Tales of princesses are timeless and, generally, adhere to a host of tropes and conventions. These representations exist in comics as well, but the comics in this post all combine some of these tropes with a twist that modernizes the storyline and makes it far more thought provoking than more standard adaptations. Whether you are generally a fan of princess stories or not, the books here are sure to spark your interest and keep you reading.
Spera by Josh Tierney with art by Kyla Vanderklugt, Hwei, Emily Carroll, Olivier Pichard, Jordyn Bochon, Cecile Brun, Luke Pearson, Leela Wagner, and Matt Marblo – This story stars not one but two princesses! When Princess Pira arrives with news that her mother has killed Princess Lono’s father, Lono is thrust into a life of adventure that she never expected. Together with Yonder who can appear as either a human or a fire wolf at will, they set off for Spera, a place they have heard of in tales and stories. Along the way they encounter a variety of spirits, demons, and even a warrior cat. This volume includes four chapters and five short stories, all illustrated by different artists, which gives readers several different interpretations on the characters.
Part-Time Princesses by Monica Gallagher – Serving as a part-time princess at a local theme park seems like a pretty mundane job to friends Michelle, Amber, Courtney, and Tiffany. They are about to be seniors and have big dreams for life after high school. But, as those dreams start to look a bit farther from their reach than they thought and the theme park ends up targeted by a group of criminals, they discover a commitment to the park and uncover their true passions. This is a fun read about discovering your path, embracing responsibility, and growing up.
PrinceLess by Jeremy Whitley with art by M. Goodwin – Princess Adrienne isn’t the standard fairytale princess. She is logical, blunt, and a bit of a tomboy. As the comic opens, she is a young child questioning a fairytale that her mother tells her at bedtime and this sets the tone for the rest of the story. When, after her 16th birthday she ends up locked in a tower guarded by a dragon, she quickly tells off a prince aiming to rescue her, chastising him for describing her as “fair” (as she is a person of color) and sending him off before saving herself with an assist from her dragon Sparky. This is just the beginning of Adrienne’s adventures with Sparky as she sets off to save her sisters from a similar fate. PrinceLess is a fun romp with colorful and engaging artwork. Adrienne is a strong heroine and the supporting cast is great as well. This book was included on the 2013 Amelia Bloomer List and was nominated for an Eisner Award.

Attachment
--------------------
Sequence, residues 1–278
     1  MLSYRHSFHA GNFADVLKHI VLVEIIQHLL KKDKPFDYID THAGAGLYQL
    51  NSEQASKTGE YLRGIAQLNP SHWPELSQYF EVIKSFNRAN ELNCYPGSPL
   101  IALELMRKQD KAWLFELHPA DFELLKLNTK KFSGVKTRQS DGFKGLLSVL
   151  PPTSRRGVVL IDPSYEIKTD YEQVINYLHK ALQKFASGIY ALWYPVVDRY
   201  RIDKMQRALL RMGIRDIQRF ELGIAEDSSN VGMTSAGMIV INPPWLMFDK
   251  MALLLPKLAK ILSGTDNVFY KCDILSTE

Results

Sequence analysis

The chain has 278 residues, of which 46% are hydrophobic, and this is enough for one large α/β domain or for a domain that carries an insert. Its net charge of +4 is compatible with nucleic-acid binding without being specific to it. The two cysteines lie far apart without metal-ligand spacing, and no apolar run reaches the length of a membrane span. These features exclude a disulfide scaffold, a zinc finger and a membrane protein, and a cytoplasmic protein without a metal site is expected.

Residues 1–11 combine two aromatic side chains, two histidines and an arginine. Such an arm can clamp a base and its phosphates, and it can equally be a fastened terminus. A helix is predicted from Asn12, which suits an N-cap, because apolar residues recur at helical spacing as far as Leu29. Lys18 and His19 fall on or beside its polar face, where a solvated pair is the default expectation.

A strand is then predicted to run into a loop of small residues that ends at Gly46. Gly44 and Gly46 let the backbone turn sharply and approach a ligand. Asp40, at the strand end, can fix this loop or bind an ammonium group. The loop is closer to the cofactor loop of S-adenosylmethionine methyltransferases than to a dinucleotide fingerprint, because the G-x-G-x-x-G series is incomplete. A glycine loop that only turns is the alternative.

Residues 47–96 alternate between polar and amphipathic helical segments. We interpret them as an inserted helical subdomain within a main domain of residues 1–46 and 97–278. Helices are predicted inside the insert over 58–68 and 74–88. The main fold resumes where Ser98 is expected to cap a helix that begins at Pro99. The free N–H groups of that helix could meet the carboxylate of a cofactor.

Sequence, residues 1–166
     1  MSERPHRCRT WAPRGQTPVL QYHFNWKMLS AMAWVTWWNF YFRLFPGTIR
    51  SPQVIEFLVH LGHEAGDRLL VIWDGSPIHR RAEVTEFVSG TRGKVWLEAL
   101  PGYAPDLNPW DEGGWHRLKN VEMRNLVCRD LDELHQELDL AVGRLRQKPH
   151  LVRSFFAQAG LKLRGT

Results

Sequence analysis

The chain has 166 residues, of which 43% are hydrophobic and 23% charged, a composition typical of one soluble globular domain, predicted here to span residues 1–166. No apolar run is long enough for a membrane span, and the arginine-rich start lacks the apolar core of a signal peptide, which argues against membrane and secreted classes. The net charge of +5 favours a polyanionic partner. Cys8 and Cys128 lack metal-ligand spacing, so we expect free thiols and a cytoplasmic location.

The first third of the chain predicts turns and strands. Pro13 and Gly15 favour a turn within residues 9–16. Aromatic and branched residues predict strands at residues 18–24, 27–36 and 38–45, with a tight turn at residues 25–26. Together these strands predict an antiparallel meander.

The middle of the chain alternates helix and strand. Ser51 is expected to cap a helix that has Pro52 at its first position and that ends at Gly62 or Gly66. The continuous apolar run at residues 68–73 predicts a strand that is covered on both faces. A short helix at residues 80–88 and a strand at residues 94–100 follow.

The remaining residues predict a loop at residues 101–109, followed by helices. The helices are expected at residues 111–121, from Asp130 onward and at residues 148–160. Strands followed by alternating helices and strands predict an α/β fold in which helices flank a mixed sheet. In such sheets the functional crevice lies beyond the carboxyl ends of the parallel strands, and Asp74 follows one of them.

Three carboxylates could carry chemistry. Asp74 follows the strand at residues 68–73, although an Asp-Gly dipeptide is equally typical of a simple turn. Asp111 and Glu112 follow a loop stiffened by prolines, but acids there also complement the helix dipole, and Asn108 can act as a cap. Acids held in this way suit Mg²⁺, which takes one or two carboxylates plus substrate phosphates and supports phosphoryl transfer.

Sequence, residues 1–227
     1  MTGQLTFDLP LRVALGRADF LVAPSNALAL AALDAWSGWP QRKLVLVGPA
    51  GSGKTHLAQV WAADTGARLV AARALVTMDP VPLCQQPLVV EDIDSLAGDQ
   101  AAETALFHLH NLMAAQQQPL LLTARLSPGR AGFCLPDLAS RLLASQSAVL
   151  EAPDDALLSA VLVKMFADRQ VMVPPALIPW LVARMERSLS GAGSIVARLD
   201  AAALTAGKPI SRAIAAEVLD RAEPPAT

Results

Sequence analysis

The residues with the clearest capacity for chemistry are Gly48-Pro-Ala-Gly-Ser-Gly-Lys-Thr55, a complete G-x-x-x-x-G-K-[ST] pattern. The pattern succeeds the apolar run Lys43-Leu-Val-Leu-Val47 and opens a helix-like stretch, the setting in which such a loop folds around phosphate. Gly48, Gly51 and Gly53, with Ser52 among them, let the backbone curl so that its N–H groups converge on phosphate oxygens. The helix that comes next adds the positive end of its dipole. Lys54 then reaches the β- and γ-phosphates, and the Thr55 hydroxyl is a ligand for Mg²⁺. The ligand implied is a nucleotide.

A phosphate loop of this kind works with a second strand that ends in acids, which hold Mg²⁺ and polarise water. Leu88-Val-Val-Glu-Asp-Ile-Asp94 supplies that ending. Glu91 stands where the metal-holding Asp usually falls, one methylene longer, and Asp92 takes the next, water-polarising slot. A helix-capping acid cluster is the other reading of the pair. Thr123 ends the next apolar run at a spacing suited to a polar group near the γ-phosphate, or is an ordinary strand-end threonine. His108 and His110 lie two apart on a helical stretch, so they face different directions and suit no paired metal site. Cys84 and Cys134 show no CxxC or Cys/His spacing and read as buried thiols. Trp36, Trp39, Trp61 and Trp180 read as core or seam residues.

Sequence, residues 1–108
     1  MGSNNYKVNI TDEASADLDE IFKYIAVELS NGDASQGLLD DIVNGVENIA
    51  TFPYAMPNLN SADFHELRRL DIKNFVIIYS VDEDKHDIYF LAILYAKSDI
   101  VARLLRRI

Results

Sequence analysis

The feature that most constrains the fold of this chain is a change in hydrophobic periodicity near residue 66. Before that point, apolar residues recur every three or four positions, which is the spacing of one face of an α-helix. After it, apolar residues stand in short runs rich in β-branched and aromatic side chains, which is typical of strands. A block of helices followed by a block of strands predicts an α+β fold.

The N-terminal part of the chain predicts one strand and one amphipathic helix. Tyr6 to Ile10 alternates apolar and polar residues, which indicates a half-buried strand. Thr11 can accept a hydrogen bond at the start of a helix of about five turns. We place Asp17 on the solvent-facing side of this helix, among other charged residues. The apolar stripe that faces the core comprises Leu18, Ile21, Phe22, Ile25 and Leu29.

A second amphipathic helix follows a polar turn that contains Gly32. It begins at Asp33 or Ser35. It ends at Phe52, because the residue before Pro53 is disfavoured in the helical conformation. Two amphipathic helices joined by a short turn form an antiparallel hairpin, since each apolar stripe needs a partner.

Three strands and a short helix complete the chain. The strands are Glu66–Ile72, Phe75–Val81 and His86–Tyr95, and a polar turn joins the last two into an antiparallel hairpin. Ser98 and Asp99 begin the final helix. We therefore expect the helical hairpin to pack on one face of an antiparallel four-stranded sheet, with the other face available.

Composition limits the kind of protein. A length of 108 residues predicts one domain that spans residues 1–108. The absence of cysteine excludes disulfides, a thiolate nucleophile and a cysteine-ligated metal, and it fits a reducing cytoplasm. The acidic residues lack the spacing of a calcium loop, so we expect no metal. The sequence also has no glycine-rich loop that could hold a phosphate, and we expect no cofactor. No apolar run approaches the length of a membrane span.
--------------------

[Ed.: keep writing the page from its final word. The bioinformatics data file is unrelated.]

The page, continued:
Princess Princess Ever After by Katie O’Neill – This story takes on many of the standard biases and assumptions that appear in fairy tales, starting with perhaps the biggest: why does the princess need to be rescued by the prince? As the book opens, we find Princess Sadie in a tower, but she isn’t looking for a prince to rescue her. And, in the end, it is Princess Amira who rescues her and their relationship continues to blossom over the course of the story. Along the way, O’Neill tackles body image, self confidence, stereotypes, and the challenges of finding a place and family for yourself. This is a very fun take on fairy tales that offers a fresh take on princesses.
Another Castle: Grimoire by Andrew Wheeler with art by Paulina Ganucheau – With a combination of dark humor and a princess determined to enjoy the pretty dresses AND be a hero in her own right, Another Castle delivers a fun princess story that turns many tropes on their heads. Along the way, readers get action, adventure, heists, and battles, all led by a princess who refuses to simple be married off to either a villain or a hero. Instead, she makes her own choices, fights her own battles, and protects those closest to her. Another Castle: Grimoire, which will be released early in 2017, will make you laugh out loud and keep you turning pages until the very end.
These are only a select few princess comics. Which are your favorites? Let me know in the comments!
— Carli Spina, currently between books